With an evening of data gathered from the track runs, Mike and I left New Jersey, heading north to Connecticut. The next day brought more testing and evaluation of straight-line performance. At another test site, we were able to replicate the numbers from the previous day with a few more passes, confirming our earlier results. It should be noted that the MOTEC system allows the user to get a complete and accurate picture of the captured data. This capability is extremely important, especially when capturing data over a period of time, as track conditions can vary from day to day and in extreme cases, by the hour. The results can be looked at in a uniform fashion with the atmospheric correction factor applied and gains quantified, they can be deemed bonafide and not some fluke due to outside factors.

            After wrapping up our performance and validation session, Zoner told me what was next for the project. I would be seeing progress again very soon, as the car was getting ready to be shipped to the Chevy Vettefest in Chicago at the end of the month.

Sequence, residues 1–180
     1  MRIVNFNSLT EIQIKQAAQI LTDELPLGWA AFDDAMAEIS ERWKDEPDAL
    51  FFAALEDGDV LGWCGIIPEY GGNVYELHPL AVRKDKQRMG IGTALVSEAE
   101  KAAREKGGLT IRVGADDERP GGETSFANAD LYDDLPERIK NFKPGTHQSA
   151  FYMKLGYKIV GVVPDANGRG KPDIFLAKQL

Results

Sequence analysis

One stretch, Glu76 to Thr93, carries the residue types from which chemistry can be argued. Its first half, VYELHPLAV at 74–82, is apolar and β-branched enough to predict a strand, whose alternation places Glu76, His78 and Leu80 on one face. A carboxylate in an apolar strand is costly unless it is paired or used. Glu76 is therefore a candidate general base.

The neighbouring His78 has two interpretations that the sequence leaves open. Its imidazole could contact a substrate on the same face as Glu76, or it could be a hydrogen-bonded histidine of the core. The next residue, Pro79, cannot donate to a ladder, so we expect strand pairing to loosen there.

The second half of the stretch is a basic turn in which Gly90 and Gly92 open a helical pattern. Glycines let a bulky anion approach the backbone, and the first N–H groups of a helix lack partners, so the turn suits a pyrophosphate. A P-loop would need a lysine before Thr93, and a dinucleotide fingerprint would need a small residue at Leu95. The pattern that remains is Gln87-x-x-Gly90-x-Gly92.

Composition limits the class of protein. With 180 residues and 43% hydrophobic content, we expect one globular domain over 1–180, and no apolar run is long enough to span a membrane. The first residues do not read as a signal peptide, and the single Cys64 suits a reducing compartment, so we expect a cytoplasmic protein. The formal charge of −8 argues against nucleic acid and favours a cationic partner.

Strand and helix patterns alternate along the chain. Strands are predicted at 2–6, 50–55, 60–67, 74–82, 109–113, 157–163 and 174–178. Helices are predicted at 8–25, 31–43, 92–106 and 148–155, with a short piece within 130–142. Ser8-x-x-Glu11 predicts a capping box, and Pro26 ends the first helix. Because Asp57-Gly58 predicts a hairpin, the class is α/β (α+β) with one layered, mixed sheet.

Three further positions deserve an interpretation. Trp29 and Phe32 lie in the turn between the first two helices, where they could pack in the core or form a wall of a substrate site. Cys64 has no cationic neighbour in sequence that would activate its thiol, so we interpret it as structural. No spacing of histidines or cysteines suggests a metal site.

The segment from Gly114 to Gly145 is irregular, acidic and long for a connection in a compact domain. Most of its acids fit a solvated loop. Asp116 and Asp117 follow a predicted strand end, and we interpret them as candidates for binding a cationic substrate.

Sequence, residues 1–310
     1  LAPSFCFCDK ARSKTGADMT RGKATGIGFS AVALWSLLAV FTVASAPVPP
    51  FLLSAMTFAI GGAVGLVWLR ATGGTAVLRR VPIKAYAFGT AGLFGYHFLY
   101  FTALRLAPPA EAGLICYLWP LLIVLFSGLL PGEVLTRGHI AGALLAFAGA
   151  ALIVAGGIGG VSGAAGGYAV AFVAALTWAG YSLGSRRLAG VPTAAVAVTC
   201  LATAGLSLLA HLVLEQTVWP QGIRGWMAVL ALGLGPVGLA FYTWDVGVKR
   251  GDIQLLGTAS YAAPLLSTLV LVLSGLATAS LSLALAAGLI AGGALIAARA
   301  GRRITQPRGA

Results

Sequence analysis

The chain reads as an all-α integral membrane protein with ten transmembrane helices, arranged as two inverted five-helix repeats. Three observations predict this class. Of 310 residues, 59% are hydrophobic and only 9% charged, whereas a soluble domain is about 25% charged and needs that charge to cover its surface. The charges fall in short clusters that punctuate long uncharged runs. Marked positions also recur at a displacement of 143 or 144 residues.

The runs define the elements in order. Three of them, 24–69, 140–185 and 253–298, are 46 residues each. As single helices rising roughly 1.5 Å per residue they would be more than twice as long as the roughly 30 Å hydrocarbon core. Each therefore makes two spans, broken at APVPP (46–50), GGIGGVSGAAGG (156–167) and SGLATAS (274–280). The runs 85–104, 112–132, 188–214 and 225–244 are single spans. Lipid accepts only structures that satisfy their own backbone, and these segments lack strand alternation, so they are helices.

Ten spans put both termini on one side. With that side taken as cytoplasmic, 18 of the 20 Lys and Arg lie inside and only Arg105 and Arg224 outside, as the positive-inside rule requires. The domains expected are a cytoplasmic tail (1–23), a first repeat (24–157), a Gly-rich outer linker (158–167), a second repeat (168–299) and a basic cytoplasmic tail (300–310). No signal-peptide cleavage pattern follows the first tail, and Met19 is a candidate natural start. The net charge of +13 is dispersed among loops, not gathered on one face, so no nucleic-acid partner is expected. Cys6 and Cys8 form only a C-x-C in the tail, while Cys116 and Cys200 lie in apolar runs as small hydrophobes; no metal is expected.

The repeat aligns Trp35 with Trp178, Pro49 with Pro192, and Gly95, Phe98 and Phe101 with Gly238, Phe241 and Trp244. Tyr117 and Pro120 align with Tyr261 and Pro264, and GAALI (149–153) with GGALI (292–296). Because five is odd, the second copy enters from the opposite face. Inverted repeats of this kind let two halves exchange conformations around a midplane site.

Arriving in the windy city late in November, I made my way to the show, finding the Callaway Team and their impressive display set up with the C36 taking center stage.

Dressed in parts ready for production, the most obvious change from before was the bright new set of mufflers beneath the car. The original design consisted of one large oval canister with the “Double D” tips exiting the rear of the car; however, the car now wears a highly polished alternative. The new Callaway cat-back exhaust for the C6, sharply displays twin canisters, each sitting at an angle, forming a “V”. Exiting through the familiar “Double D” tips, the exhaust makes a powerful rumble, undeniably “the Callaway sound”. While maximizing exhaust gas flow was a chief design objective, Callaway engineers also understood that controlling resonance was paramount. They tested numerous muffler designs until they were thoroughly satisfied with the tone.